And some advocates argue that regulatory difficulties, not low oil prices, are actually the biggest barrier to renewables growth.

Debating the geopolitics

For now, it looks likely the oil price slide will continue. OPEC appears unwilling to make any moves to tighten supply, with more than a million barrels of excess production each day.

Falling oil prices are having a profound geopolitical impact. Low-cost energy is theoretically good for any economy dependent on outside sources, and higher oil costs are associated with recessions in those countries. On the other hand, Russia, Iran and other net exporters like Nigeria and Venezuela suffer — needing to sell oil at $100 or more per barrel to keep budgets balanced.

Experts believe that Saudi Arabia’s calculation to maintain current production levels is partly based on the logic that low prices punish new high-cost producers in North America and will drive many of them out of business — eventually shrinking the supply and driving prices back up. 

The larger geopolitical impact of the shift could depend on the duration of the price depression. “Oil prices are cyclical, and we’ve seen this before,” said Lorne Stockman, the research director at Oil Change International, a nonprofit based in Washington, D.C. “Each time it happens, it’s a little bit different. But they will go up again. If you’re making long-term purchase like buying a new vehicle based on gas prices today, you’d be unwise.”

Current reality

40 billion tons

Annual world CO2 emissions, a record high

400 parts per million

CO2 in atmosphere, much greater than target of 350


5 degree F increase

Conservative prediction of temperature rise by 2050

15-inch higher sea level

Estimate for Manhattan waters by 2050

In the meantime, global efforts to combat climate change continue. Despite some pessimism about the slow pace of talks, international cooperation was boosted by a joint Chinese-U.S. climate pledge last month. China has promised to peak its emissions by 2030, with one-fifth of its energy coming from renewable sources. Like 195 other nations, the U.S. will be setting its own long-term aims but has already committed to doubling previous reduction targets.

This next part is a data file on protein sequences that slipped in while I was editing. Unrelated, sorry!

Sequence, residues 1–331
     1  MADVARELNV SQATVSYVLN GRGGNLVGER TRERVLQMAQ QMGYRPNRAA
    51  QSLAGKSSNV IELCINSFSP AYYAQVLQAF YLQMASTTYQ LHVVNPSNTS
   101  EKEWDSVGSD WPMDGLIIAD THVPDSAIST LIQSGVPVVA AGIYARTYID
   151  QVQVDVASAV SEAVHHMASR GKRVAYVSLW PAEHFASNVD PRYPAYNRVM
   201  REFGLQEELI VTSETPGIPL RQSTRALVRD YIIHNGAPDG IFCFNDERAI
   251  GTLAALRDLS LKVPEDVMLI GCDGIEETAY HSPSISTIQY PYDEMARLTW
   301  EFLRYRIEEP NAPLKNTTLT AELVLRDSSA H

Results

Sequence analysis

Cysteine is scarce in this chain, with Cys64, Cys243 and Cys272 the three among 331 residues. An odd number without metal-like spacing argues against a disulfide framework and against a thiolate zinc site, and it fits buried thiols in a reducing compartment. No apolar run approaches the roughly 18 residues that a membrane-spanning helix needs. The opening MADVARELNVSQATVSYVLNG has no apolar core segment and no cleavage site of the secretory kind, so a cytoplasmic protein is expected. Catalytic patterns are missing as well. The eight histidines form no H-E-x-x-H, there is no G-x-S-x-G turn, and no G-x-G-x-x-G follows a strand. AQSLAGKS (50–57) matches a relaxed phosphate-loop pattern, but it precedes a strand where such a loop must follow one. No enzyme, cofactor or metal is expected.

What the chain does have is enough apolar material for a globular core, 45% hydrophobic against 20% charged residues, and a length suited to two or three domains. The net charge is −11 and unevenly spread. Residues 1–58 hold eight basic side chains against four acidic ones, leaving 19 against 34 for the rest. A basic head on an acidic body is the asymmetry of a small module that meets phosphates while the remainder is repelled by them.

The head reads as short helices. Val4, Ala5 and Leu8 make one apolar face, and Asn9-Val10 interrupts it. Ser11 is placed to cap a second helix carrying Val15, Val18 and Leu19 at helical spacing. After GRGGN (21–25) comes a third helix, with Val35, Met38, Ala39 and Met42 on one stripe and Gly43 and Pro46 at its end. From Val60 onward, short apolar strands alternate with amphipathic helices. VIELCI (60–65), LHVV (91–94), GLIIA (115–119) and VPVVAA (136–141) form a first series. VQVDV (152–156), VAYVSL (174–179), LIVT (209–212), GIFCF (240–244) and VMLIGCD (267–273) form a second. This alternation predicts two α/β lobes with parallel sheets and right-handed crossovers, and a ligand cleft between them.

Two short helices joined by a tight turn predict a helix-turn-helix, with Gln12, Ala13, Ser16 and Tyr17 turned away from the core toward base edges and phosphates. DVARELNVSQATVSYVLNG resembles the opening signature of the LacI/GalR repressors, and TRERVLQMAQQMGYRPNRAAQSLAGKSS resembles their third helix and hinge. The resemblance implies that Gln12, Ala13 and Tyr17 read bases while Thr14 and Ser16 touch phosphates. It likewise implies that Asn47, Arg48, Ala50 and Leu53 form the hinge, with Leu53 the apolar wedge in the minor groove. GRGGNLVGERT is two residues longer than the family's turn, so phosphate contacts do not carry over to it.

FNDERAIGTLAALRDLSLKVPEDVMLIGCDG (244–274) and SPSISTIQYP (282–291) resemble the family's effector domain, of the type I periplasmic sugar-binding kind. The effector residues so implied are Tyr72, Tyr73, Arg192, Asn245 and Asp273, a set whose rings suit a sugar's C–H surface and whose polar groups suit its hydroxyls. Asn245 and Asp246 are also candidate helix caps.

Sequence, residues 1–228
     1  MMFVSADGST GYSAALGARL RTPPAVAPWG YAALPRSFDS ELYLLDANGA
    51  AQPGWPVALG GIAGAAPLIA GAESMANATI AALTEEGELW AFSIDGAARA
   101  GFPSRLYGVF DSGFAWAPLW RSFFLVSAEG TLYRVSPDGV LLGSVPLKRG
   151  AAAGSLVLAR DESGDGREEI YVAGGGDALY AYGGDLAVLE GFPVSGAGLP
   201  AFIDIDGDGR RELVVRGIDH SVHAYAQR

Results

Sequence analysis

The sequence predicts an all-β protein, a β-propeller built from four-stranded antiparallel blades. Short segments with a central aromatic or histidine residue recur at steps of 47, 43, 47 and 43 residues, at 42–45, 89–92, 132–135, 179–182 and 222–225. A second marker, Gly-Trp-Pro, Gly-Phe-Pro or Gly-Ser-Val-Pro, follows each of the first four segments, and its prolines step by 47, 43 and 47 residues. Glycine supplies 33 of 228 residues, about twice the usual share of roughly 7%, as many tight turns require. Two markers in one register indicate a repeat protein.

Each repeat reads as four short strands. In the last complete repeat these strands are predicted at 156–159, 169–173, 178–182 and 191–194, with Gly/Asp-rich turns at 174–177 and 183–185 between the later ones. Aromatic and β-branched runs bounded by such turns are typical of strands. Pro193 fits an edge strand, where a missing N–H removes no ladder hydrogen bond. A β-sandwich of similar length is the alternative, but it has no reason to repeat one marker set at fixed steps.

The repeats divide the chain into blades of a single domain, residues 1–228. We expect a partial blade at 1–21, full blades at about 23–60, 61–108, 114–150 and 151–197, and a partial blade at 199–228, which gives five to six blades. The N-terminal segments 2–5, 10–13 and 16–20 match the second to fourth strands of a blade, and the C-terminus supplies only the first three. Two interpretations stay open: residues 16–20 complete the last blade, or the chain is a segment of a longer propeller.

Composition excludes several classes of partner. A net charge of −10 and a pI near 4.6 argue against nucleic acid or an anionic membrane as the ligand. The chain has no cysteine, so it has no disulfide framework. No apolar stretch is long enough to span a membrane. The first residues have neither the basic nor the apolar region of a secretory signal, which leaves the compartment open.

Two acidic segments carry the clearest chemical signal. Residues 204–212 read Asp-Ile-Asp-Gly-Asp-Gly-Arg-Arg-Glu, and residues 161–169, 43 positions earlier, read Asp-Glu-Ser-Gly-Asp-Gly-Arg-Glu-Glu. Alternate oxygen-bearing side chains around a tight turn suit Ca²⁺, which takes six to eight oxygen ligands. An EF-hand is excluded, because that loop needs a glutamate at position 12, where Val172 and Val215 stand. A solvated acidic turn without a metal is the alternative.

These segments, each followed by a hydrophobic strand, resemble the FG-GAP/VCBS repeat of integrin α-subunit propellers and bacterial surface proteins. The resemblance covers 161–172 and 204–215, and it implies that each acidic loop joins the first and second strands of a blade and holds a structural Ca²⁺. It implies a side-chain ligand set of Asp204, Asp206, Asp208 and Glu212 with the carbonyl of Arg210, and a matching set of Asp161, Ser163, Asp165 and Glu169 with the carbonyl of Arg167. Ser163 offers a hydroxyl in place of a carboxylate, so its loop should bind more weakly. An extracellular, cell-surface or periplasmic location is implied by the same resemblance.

Key to reducing carbon footprint is lessening the carbon intensity of the of energy sources — a central part of the vision going into next year’s climate change conference in France. Countries are aiming to seal a final Paris alliance deal by the end of next year, and a loose, nonbinding framework is being considered.

But that will not satisfy most activists and countries already experiencing the effects of climate change, which demand more decisive action to avert disaster. Most studies indicate current cutbacks are insufficient to cap the global temperature increase at the widely cited threshold of 3.6 degrees Fahrenheit.

Atmospheric carbon dioxide is quickly approaching 400 parts per million (ppm), well above a frequently cited goal of 350 ppm. Lee, the Harvard environment expert, recommended focusing on a 450 target instead.

“Forget the 350 goal,” he said. “We’re not even going to come close.” But on the bright side, he added, “we’re beginning to see signs of things that countries four to five years ago just were not doing. We’re making progress.”

Stockman agreed. “I’m encouraged by Lima,” he said, referring to the U.N. climate negotiations this month in Peru. He added that the participants had a clear view of "the writing on the wall with climate change.”

“The younger generation is fired up about the future,” he said. “But I still probably wouldn’t invest in seafront property in New Jersey right now.”